New figures from the Law Society show that male solicitors under 40 are now outnumbered by their female counterparts.
There are 27,160 women solicitors with practising certificates aged under 40, compared with 25,627 men. And, across all ages, women now account for 41 per cent of the profession.
Although I don't have the figures to prove it, my feeling is that in this region at least this figure is probably higher.
Certainly Mills & Reeve in Birmingham receives a higher proportion of applications from female graduates than it does from males. For a lot of men there still seems to be some 'macho' need to work in the capital, despite the fact that increasingly high quality work is now being done outside London.
What's more, the Law Society figures show that female graduates are leaving university with a higher proportion of firsts or upper seconds, so it's not just a question of quantity, but quality too!
My experience is that the legal profession is leading the way with regard to the recruitment of women.
As a property lawyer I work regularly with chartered surveyors, quantity surveyors, architects and mechanical and electrical engineers. These professions remain heavily male dominated. I don't really know why these professions have not attracted such a high proportion of women.
So what is it about the legal profession that has made it so attractive to women? Clearly there is something about the subject and the work itself which appeals to a lot of women.
I also believe that the growth in legal services has prompted law firms to look more closely at how they can adapt their working practices to accommodate women.
It is a fact of life that the burden of childcare continues to fall largely on women. As a firm, and indeed as a profession, we have striven to offer child friendly, flexible working hours to facilitate women returners. The Law Society survey demonstrates that more women work part-time - 21 per cent compared with five per cent of men.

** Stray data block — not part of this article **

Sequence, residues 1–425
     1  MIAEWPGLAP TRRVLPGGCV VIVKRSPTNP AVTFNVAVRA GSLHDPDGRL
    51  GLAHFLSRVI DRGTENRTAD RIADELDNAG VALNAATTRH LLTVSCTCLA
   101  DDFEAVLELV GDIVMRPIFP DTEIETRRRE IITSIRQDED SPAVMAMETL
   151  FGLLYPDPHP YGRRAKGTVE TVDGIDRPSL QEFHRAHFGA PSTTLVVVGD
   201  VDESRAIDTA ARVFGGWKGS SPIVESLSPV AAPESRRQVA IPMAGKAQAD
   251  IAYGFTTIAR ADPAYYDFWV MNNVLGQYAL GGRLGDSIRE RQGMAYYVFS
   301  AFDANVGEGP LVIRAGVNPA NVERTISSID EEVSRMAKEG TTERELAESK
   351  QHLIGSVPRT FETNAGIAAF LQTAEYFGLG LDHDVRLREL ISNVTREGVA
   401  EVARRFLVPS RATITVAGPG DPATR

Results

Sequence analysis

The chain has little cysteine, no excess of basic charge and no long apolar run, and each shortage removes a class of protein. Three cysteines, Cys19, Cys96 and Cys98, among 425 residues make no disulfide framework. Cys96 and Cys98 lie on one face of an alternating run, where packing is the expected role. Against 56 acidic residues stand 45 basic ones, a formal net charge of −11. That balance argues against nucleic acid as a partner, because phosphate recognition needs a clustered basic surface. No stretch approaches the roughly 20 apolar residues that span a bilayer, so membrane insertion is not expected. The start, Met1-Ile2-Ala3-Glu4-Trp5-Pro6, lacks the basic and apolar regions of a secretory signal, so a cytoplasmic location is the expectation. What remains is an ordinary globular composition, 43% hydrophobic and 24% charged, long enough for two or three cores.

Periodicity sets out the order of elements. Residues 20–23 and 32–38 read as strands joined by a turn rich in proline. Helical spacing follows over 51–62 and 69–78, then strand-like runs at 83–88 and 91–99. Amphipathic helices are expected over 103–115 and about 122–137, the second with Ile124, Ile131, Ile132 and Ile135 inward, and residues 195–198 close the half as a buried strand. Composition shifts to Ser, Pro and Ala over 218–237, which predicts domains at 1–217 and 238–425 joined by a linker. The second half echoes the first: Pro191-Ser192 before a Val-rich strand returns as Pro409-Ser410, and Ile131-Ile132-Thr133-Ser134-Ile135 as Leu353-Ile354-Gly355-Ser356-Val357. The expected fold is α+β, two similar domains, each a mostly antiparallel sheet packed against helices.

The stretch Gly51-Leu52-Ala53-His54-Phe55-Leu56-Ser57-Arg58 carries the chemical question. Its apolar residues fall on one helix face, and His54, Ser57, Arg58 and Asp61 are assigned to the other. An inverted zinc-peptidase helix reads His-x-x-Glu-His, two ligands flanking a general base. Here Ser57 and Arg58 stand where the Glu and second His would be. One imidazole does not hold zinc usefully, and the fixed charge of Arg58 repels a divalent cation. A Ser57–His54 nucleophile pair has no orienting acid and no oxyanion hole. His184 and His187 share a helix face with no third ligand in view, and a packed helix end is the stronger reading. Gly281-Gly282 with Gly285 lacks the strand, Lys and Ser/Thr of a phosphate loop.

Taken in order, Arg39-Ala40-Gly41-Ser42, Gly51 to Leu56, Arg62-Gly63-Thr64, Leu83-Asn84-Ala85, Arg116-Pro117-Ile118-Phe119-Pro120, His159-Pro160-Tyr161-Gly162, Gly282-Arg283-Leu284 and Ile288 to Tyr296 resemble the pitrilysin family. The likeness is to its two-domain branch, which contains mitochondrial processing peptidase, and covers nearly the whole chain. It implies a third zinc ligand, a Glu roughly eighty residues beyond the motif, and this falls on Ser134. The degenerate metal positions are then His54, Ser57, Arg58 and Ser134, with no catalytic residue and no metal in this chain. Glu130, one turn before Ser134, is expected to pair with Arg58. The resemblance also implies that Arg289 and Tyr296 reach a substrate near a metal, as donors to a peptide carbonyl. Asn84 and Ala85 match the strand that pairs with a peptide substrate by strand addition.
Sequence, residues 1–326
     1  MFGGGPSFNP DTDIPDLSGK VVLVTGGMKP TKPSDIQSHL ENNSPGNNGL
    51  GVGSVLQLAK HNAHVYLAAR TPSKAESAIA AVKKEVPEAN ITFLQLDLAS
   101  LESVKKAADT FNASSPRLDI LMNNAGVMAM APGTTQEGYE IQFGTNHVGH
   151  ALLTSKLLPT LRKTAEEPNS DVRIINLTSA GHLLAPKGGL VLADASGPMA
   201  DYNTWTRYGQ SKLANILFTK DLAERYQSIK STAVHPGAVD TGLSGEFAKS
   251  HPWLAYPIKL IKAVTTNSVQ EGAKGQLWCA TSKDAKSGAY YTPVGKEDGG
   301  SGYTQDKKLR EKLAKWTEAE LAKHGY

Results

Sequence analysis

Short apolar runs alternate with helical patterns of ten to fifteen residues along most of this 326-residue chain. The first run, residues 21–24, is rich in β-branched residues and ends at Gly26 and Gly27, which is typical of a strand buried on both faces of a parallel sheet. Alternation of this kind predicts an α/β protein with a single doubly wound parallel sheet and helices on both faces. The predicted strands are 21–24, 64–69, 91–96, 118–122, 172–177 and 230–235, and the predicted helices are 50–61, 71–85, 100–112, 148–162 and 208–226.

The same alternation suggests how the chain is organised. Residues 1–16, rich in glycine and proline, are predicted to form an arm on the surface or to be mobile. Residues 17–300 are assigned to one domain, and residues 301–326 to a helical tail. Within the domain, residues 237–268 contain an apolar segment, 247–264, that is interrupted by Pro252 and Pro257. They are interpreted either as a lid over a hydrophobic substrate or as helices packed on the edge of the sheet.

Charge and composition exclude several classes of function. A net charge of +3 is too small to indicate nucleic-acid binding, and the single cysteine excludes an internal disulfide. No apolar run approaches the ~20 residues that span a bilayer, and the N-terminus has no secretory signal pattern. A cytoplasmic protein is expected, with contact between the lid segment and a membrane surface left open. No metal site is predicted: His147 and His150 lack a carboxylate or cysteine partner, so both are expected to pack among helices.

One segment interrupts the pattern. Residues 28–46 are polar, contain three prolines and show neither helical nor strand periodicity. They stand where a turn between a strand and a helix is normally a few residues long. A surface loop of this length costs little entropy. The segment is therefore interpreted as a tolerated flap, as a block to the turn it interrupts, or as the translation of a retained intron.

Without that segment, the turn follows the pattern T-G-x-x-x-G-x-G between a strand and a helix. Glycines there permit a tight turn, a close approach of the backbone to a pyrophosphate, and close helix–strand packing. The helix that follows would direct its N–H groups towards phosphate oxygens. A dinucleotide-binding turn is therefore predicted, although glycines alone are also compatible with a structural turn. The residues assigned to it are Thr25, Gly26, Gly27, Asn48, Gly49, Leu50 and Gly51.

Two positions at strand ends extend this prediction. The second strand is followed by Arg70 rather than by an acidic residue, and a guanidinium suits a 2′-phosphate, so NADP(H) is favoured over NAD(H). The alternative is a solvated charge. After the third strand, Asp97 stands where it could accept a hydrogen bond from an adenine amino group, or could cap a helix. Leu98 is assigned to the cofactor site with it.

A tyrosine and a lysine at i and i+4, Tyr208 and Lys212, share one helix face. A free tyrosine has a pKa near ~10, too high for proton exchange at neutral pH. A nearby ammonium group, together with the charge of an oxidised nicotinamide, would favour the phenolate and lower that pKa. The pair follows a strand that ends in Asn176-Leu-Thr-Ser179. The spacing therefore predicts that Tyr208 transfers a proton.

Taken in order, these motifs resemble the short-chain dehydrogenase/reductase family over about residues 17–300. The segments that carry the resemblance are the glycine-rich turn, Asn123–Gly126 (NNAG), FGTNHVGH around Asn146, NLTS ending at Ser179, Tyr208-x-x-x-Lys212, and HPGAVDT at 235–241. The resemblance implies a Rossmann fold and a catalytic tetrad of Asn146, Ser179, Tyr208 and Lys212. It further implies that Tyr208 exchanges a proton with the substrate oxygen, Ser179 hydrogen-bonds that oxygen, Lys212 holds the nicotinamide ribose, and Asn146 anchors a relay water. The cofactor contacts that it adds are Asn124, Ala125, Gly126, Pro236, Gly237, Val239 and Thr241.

But before we pat ourselves on the back too much and hold ourselves up as a blueprint for other professions, let's explore all the facts.
Worryingly, proportionately fewer women in private practice are partners compared to male solicitors. Just 22 per cent of women solicitors in private practice get their names on the firm's notepaper compared to almost half of men (47 per cent).
Nor is the discrepancy down to the comparative youth of women solicitors: even after equalising for levels of experience, the Law Society figures demonstrate that higher numbers of men still reach partnership.
As women progress some have children, and then choose not to return to work, or to pursue the race for partnership. Most will still want to be considered, and for that larger group the challenge for the firms is to create an environment which will tempt people back, and to have flexible terms for partners which will keep the best women in the firm.
At the same time we must not treat male colleagues unfairly. Some firms, including ours, deal with this by having a clear maternity policy for partners, which includes maternity leave on full profit share, and the possibility of returning to work part time.
The Law Society also reports that women solicitors are earning less than men. The median salary for men is £55,000 a year, while for women it is £37,000.
* Guy Hinchley is managing partner at the Birmingham office of Mills & Reeve